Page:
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If your entire sheet is off in the same direction (every design is too far to the right, for example), it could have something to do with how your printer feeds the label sheets during printing. If your design is off in several ways, the browser you're using may be scaling your design.
Click the "Learn More" button below for a list of solutions to each problem.
Every printer on the market has a fixed, maximum printable area where the ink or toner stops. That space is called the "non-printable margin."
If your label configuration extends to the edge of your sheet or close to it, we recommend figuring out your non-printable margins. To determine what your printer's non-printable margins are, you can look to your printer's instruction manual or use our printer margin tool. Print the document and measure the 1" line in step 2. If the line is not an accurate inch, return to the print dialog box and select the "Fit to Page" or "Print Actual Size" option. Setting the "Custom Scale" option to 100% will produce the same results. Print the document again and remeasure. Once you're sure it's printing to scale, start from the edge of the paper and work your way in until you find the first full box. The numbers next to the first full box are your non-printable margins.
Use those measurements to adjust your label design. If you're using Maestro Label Designer, hover over the "Print" menu and click "Page Setup." From there, you can adjust your settings to fit within your printable dimensions.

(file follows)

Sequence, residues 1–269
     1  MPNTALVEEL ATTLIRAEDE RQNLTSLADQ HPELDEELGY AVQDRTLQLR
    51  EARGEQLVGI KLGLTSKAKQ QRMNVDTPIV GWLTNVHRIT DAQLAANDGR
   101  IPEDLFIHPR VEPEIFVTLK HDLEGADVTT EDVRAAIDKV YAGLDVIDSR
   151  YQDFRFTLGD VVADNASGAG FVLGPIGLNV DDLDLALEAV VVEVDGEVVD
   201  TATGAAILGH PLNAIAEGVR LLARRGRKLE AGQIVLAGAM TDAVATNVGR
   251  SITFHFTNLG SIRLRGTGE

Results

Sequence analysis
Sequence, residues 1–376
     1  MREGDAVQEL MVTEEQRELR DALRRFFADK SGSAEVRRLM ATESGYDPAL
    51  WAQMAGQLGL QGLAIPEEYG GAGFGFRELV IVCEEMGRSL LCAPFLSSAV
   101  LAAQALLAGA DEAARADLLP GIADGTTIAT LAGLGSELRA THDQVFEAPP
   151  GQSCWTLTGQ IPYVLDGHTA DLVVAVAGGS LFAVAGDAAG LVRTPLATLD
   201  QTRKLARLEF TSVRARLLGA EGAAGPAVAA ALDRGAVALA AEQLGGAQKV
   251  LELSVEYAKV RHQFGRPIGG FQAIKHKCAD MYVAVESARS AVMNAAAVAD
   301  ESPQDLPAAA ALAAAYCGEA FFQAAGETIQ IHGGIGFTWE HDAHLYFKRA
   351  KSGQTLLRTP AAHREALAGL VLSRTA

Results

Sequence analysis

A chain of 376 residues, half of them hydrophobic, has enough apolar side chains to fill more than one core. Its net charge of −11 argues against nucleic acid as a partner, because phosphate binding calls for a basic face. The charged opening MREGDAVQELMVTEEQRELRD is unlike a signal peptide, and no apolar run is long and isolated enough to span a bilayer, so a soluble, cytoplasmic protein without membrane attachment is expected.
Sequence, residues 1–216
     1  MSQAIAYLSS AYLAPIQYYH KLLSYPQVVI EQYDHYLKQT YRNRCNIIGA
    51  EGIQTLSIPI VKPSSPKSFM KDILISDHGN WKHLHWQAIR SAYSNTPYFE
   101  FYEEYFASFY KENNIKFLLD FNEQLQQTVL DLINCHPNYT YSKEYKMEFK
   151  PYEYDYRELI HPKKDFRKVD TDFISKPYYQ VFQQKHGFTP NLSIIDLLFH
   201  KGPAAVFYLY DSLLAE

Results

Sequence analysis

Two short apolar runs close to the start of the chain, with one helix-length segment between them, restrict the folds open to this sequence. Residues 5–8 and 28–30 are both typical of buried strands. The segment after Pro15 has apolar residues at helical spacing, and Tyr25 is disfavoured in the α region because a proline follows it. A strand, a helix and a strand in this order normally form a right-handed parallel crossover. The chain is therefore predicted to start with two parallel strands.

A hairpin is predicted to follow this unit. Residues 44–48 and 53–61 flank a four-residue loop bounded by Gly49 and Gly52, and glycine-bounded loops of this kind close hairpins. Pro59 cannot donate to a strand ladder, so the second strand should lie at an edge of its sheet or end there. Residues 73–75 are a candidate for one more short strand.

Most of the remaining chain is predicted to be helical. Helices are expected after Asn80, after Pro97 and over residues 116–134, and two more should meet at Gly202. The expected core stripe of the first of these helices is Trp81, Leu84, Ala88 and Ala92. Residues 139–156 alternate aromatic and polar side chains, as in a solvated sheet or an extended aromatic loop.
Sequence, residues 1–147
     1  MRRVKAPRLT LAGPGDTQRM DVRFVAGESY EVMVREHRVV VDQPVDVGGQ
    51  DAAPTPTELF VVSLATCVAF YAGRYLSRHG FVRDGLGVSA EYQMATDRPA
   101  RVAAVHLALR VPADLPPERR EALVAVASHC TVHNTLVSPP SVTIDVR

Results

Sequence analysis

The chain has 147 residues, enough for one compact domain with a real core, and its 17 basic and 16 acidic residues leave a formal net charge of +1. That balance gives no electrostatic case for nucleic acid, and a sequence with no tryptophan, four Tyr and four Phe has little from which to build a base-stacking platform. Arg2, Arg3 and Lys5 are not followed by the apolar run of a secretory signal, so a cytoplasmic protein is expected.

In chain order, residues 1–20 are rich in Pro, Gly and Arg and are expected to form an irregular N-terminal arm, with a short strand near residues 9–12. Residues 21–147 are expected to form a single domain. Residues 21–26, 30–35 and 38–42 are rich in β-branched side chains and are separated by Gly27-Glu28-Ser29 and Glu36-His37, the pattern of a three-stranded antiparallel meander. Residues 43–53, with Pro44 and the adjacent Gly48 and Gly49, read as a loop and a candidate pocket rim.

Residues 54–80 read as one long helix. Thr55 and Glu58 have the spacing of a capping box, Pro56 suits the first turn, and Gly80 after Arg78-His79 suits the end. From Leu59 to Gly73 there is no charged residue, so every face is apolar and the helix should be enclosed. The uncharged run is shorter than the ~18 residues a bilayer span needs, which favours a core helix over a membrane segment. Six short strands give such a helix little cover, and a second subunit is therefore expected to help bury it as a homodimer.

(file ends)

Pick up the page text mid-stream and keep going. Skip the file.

Label sheets can shifting during the manufacturing and/or printing processes. While our quality assurance standards are in place to ensure that label sheets don't shift more than 1/16", we recommend leaving 1/8" between your design and the cut marks. Adding a bleed is another way to avoid shifting. Find out how to add bleed in Maestro Label Designer. You should also stack your labels neatly and evenly in your paper tray.
Unfortunately, this is most likely a problem with the printer. Unclean rollers and rollers that have lost their rubber density are the most common reasons you may experience this problem. When the rollers are dirty or the rubber loses its density, they lose their ability to grip the label sheet well. We suggest cleaning the rollers with an alcohol-based solvent first (we recommend referring to your printer's maintenance instructions when doing so). If that's not the problem, you may need to replace the rollers.
In some cases, there can be incompatibility issues with the label sheet and printer. If after cleaning it you're still experiencing jamming, please call customer service at 1-888-575-2235.
A printer can jam for a number of reasons -- most commonly it's trying to print on paper designed for a different printer type, it hasn't adjusted for the material's unique thickness or texture, or it has a dusty feed path.